vietnam-prison-abuses - Đỗ Đăng Dư - Trong đó rất dễ chết – Tình trạng của những người bị giam ở Việt Nam 2
Official paperwork related to Do Dang Du’s death that his family said it received from the Vietnamese authorities. Credit Amanda Mustard for The New York Times

Vietnam’s Foreign Ministry did not respond to emailed questions about conditions in Vietnamese prisons.

Many officials in Vietnam’s ruling Communist Party support changes to the criminal justice system, said Pip Nicholson, a professor at Melbourne Law School in Australia who specializes in Vietnamese law. But party officials who advocate for Western-style rules, such as truly independent courts or the presumption of innocence until proved guilty, she added, are in the minority.

The result, policy experts and rights advocates say, is a court system where arrests almost always lead to convictions and a prison system where human rights are an afterthought. Corruption, impunity and violence in prisons are mostly tolerated, these advocates say, because the system serves the party’s interests by silencing dissidents and enriching prison guards.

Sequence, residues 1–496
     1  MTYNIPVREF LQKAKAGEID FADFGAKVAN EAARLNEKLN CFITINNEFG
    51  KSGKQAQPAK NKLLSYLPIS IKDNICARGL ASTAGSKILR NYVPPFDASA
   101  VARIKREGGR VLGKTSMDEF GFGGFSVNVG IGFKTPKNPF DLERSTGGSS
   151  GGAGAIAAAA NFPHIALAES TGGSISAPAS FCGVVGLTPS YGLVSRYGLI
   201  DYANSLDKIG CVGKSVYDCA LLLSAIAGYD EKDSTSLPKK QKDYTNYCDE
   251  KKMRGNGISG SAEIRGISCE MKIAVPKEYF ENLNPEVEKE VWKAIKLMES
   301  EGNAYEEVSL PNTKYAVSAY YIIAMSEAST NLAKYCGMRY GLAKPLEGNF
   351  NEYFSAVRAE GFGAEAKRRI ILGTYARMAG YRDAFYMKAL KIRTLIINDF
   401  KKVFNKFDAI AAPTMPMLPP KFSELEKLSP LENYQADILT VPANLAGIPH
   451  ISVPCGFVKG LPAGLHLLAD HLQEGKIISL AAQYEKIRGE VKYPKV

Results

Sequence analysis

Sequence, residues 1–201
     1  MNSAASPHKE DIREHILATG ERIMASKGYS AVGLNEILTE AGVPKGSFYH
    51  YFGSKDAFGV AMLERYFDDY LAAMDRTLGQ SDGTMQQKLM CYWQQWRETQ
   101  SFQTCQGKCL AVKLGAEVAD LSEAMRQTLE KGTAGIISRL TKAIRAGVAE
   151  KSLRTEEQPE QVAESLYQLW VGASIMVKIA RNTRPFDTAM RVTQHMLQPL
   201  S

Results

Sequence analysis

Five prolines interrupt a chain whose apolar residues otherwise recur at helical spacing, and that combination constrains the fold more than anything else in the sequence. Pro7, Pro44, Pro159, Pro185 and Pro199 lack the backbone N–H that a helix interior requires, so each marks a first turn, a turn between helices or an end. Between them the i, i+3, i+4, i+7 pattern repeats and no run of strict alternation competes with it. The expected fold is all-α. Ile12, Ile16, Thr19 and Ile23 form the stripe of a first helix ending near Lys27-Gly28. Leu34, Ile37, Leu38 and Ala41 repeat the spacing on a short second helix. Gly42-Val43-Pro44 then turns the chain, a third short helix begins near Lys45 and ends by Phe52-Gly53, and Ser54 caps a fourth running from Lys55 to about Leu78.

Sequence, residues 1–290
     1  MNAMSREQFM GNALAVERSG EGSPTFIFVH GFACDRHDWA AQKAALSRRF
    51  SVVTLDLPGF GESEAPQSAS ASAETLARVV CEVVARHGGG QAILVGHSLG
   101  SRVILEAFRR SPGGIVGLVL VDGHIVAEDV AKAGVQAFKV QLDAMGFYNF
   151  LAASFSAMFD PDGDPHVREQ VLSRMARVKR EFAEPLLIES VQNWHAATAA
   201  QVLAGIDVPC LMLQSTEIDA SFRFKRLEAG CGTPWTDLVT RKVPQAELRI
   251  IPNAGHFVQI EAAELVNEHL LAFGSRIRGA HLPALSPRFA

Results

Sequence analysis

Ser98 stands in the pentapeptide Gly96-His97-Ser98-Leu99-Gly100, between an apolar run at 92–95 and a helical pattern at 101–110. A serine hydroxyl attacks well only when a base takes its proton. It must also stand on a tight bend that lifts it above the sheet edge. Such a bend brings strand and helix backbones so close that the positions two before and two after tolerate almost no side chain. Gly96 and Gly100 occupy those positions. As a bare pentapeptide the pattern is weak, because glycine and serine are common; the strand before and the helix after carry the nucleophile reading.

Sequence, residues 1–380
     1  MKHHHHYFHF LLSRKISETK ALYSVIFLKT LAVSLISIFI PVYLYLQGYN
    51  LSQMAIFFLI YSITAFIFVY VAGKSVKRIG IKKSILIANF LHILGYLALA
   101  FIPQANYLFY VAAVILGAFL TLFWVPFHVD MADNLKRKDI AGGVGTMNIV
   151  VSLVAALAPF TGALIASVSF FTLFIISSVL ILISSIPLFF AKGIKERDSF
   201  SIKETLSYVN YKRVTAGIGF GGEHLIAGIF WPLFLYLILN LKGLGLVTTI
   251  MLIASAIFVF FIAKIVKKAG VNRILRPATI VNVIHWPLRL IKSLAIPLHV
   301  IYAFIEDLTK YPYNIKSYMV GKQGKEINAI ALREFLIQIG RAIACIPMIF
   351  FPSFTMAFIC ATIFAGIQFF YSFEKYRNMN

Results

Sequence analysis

“It’s very easy to die there,” said Doan Trang, an independent journalist in Hanoi who has written extensively about state-led repression in the country.

The recent government report presented prison statistics as part of a long-term process of changes in line with global trends. It noted, for example, that the number of crimes punishable by death in Vietnam had fallen to 22 in 2009 from 45 in 1993.

The report also said, however, that the number of people on death row in Vietnam had climbed to 681 last year from 336 in 2011, and that the government planned to build five new execution centers to accommodate demand.

The global trend is a reduction in the use of the death penalty, said Janice Beanland, a campaigner at Amnesty International. “This is why it’s a bit shocking to us to learn that, in actual fact, Vietnam has been executing people more regularly than we believed,” she said.

The government report said that Vietnam had improved vocational education in prisons and that inmates received training in tasks like sewing, construction, carpentry, mechanics, farming and the processing of agricultural products.

But former prisoners and human rights groups say that such labor is usually not voluntary, and that the cashews, garments and other products are exported from prison workshops for a profit.